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Performance modeling and cell design for high concentration methanol fuel cells

Advances in Electrocatalysis, Materials, Diagnostics and Durability

Advanced diagnostics, models and design

Low-temperature fuel cells

  1. C. E. Shaffer,
  2. C. Y. Wang

Published Online: 15 DEC 2010

DOI: 10.1002/9780470974001.f500050

Handbook of Fuel Cells

Handbook of Fuel Cells

How to Cite

Shaffer, C. E. and Wang, C. Y. 2010. Performance modeling and cell design for high concentration methanol fuel cells. Handbook of Fuel Cells. .

Author Information

  1. The Pennsylvania State University, University Park, PA, USA

Publication History

  1. Published Online: 15 DEC 2010

Abstract

For direct methanol fuel cells (DMFCs) to compete with and replace lithium-ion batteries as power sources for mobile devices, they must be designed to increase their energy density. One major hurdle in accomplishing this task is being able to use high concentration methanol fuel, thereby reducing the size of the fuel tank and the amount of water carried as part of the system (water is a reactant in methanol oxidation). Much effort has been made to reduce the methanol crossover from anode to cathode, but there has been relatively less awareness of water transport and its importance in enabling the use of high concentration methanol fuel. In this article, we review the scientific principles and state-of-the-art technology for high concentration methanol fuel cells (HC-MFCs). We demonstrate a direct link between water crossover through the membrane and the allowable methanol concentration in the fuel through intuitive examples and pertinent case studies, and further review current means by which water loss to the cathode side of a DMFC is reduced. Future HC-MFC designs are expected to include the continued progress in membrane electrode assemblies (MEAs) that use unique porous layer properties to simultaneously reduce methanol crossover and enhance water backflow from cathode to anode, as well as development of membrane materials with increased resistance to methanol transport and simultaneous increased diffusivity of water.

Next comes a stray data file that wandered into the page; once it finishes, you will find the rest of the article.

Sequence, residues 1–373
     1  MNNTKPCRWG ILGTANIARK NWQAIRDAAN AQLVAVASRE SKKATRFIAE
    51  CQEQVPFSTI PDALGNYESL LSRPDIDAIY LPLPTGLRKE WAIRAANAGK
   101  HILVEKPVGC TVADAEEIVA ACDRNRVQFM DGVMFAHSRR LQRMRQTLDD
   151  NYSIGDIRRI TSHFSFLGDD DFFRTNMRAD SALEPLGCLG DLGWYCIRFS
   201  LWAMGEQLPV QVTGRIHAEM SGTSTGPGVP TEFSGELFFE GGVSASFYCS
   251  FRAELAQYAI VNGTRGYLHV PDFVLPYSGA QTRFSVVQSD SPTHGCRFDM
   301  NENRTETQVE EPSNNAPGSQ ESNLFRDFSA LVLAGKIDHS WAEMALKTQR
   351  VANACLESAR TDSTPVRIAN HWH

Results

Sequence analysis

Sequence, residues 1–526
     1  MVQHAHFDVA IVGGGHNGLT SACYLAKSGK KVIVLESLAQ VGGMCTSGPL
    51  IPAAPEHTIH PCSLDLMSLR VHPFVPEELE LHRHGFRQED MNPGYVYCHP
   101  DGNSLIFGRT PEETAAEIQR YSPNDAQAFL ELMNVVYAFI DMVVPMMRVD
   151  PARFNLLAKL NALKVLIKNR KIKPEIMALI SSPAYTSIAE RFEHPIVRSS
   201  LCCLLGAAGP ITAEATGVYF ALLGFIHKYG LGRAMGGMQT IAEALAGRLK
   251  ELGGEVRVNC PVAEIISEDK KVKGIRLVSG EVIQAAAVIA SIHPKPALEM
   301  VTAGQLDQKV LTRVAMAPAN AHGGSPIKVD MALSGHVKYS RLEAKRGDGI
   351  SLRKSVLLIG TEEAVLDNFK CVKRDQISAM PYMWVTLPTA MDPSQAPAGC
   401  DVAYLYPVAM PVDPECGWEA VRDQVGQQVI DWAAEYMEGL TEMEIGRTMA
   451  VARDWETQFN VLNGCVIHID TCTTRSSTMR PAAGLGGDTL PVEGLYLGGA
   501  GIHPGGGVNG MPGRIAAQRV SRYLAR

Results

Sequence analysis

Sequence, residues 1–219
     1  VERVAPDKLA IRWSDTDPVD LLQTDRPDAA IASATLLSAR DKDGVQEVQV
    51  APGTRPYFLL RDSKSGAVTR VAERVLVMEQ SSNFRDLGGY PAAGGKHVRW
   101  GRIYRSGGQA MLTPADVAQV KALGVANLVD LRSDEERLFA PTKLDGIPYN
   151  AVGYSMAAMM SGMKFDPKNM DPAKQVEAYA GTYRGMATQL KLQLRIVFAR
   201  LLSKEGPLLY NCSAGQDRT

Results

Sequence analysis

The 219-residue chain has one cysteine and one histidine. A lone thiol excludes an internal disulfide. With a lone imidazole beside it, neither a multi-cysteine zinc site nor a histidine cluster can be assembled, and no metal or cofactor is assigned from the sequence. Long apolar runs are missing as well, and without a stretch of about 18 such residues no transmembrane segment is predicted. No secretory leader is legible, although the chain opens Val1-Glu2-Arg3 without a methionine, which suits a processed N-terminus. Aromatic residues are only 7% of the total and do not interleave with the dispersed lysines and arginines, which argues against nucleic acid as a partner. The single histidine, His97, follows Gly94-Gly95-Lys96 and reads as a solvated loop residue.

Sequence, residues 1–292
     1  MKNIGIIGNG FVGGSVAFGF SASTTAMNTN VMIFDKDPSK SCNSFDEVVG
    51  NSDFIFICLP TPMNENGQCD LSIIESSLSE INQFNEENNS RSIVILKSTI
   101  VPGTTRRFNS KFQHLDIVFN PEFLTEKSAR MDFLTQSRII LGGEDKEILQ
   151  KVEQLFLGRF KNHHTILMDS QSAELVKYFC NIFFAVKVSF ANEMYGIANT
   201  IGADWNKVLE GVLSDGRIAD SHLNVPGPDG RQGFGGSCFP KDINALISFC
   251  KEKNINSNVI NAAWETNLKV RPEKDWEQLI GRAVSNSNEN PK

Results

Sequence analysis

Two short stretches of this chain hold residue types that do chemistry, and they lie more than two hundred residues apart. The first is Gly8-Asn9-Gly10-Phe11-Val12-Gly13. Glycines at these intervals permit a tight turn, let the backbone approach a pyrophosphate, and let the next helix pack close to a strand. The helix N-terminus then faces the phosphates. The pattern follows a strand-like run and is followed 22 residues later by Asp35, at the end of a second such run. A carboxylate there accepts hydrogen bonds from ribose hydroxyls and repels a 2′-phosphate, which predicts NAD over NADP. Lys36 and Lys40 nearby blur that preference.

Keywords:

  • DMFC;
  • HC-MFC;
  • water management;
  • methanol crossover;
  • high concentration methanol